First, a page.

Accuracy is not guaranteed and no responsibility can be accepted for any outcome from the use of family history information which is supplied to others only as a general guide. Information has come from many sources - word of mouth, official registers, census, IGI microfiche etc. Information from others has been accepted in good faith, often without verification. As with all family history research, many links have to be assumed and often cannot be proved. On this basis, entries are believed to be accurate or probable unless a "c."(about) or a "?" indicates an estimation. Official registers should be checked for confirmation of any details.
My research shows the variation in name spellings with direct links for my family back through Knebworth (The Cottage, London Road, later Deanscroft), St Albans (Vesta Avenue) and Hertford (Queens Road) in Hertfordshire, Edmonton (Junction Road) in North London, Berrywood (latterly St Crispin's Hospital) and Duston in Northamptonshire, Lewisham (6 Shepherds Place, 186 Molesworth St) and Woolwich (42 Powis St) in London, Wantage (Tanner Street) in Berkshire and Bishopstone (6 miles East of Swindon) in Wiltshire in the 1700's with an earlier possible two generations in Welford and Wickham in Berkshire. By recording all WRNM connections I have traced many distant cousins and have produced a massive record with provable connections to my family. I have recorded other WRNMs with no provable link to date, including families in the United States of America, Canada and New Zealand. I have also "discovered" the WIRDNAMs who were Lords of the Manor in Grove near Wantage in Berkshire in the 1400s and held a coat of arms. Although this family was purported to have become extinct, I have on record a current WIRDNAM family who, with one tentative link, can trace their line back to them.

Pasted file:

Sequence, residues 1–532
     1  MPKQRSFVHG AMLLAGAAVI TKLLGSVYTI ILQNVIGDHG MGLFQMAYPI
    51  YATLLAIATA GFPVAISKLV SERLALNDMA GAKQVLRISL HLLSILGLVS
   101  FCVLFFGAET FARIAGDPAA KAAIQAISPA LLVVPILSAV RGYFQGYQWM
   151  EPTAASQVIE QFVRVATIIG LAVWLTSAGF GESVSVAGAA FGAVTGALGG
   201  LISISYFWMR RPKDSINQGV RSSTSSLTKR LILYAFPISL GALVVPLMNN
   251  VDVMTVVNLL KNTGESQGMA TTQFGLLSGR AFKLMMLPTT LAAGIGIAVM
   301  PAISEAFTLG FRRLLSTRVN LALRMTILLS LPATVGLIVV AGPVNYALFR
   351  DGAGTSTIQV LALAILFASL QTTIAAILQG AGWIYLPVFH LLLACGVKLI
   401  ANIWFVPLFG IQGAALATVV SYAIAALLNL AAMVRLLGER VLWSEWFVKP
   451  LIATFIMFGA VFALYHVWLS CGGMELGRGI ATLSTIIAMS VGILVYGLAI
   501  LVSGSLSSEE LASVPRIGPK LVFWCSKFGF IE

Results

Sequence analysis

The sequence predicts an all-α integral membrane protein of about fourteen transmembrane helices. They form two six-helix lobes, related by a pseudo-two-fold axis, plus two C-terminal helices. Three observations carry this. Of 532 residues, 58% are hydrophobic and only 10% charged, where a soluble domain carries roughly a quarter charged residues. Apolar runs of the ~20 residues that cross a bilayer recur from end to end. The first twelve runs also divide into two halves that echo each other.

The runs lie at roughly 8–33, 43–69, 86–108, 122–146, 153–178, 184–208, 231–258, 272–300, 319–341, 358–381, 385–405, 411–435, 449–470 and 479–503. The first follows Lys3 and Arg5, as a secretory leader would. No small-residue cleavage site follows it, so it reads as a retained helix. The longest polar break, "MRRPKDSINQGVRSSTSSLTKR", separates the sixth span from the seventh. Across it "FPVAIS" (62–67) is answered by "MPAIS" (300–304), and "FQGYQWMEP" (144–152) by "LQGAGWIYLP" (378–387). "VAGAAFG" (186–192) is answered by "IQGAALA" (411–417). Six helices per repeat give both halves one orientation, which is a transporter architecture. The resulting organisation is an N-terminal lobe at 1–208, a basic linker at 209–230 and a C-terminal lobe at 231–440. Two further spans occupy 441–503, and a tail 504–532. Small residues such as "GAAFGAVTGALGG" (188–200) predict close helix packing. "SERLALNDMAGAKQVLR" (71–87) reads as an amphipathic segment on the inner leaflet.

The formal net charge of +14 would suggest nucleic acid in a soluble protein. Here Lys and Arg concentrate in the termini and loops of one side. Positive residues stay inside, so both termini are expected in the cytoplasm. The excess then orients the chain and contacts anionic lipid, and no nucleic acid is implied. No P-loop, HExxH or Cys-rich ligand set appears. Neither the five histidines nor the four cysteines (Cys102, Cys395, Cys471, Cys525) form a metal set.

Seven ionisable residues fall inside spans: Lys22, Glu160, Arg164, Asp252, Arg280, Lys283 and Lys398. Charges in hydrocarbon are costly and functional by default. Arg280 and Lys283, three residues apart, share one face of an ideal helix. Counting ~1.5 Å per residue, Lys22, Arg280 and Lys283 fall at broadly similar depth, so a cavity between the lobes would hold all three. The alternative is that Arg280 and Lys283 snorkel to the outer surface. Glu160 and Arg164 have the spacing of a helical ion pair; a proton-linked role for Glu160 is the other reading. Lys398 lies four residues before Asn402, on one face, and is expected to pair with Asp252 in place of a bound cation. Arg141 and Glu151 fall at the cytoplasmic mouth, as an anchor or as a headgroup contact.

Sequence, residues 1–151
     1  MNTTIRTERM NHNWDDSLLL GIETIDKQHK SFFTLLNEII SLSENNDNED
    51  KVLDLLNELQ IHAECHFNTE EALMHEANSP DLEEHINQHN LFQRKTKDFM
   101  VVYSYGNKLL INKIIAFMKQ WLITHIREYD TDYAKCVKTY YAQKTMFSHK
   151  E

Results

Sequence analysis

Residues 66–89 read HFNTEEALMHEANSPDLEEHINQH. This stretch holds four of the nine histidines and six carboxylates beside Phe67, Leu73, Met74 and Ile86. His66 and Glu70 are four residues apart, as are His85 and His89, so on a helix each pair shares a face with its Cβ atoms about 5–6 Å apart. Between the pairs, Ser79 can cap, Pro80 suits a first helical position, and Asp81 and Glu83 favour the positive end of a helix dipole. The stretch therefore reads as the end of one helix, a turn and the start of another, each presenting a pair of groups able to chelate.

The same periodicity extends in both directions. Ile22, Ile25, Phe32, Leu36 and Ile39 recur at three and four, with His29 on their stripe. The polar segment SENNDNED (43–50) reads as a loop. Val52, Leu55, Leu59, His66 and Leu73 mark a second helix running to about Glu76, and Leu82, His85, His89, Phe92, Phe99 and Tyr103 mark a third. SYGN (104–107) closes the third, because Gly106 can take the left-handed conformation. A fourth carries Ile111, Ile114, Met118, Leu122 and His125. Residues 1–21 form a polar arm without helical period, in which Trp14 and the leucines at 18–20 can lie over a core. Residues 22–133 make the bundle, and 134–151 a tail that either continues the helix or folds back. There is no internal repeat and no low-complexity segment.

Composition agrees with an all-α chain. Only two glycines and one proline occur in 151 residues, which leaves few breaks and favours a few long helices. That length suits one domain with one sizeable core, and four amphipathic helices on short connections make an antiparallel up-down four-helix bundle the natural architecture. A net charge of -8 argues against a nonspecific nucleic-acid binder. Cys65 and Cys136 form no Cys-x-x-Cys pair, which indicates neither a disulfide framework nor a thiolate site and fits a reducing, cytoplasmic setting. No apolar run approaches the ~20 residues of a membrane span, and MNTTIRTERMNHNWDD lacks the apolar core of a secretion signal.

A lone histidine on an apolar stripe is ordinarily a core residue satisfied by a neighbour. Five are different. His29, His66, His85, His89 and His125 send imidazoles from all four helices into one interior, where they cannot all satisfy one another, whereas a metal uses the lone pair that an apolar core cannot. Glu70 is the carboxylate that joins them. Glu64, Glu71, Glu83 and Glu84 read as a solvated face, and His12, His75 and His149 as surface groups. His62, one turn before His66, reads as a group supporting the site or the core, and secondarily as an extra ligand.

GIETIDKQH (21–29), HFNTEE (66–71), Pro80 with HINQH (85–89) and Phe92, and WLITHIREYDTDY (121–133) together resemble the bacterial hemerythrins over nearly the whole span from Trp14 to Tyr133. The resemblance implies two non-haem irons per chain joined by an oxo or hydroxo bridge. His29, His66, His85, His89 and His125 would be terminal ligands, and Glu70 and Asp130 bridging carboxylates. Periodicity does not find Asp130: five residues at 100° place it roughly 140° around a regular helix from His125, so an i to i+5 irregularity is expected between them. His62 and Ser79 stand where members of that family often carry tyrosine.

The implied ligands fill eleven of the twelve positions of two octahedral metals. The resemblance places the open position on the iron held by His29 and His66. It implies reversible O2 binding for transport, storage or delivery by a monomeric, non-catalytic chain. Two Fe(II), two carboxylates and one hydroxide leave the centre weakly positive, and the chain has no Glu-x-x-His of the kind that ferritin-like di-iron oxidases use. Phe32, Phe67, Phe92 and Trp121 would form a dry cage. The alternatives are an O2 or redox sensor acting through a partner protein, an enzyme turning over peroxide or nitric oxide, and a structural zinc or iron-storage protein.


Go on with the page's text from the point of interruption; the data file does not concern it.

I have done little "outside" research since 1990 as much can now be done via the Internet and purchased computer CD ROMs. However, I maintain my family history interest and contacts and am always pleased to correspond with new contacts, help others and receive any relevant details for entry into the "system" for the benefit of all.
We have been fortunate to discover the following old records from the County Record Office for Wiltshire for my direct ancestors.
1. Dated 1758 with map, of the "family plot number 82" [which now appears to be just a lonely copse outside the remaining village at grid reference SU246842] in Bishopstone, Wiltshire, with John WORNHAM [my Great-great-great-great Grandfather] shown as tenant On 14th June 1737, number referred to on plan: 82, for a cottage and garden, quantity 0.0.25 [perch?], Quit rent 0.0.6 (sixpence). see also www.old-maps.co.uk
2. Dated 1772, Bishopstone, Wiltshire. "John WORNAM, no.120, All that Cottage or Tenement Outhousing and Garden - Ground thereunto belonging cont. 25 perch. Yearly value £2.0.0" signed Thomas WIRNHAM.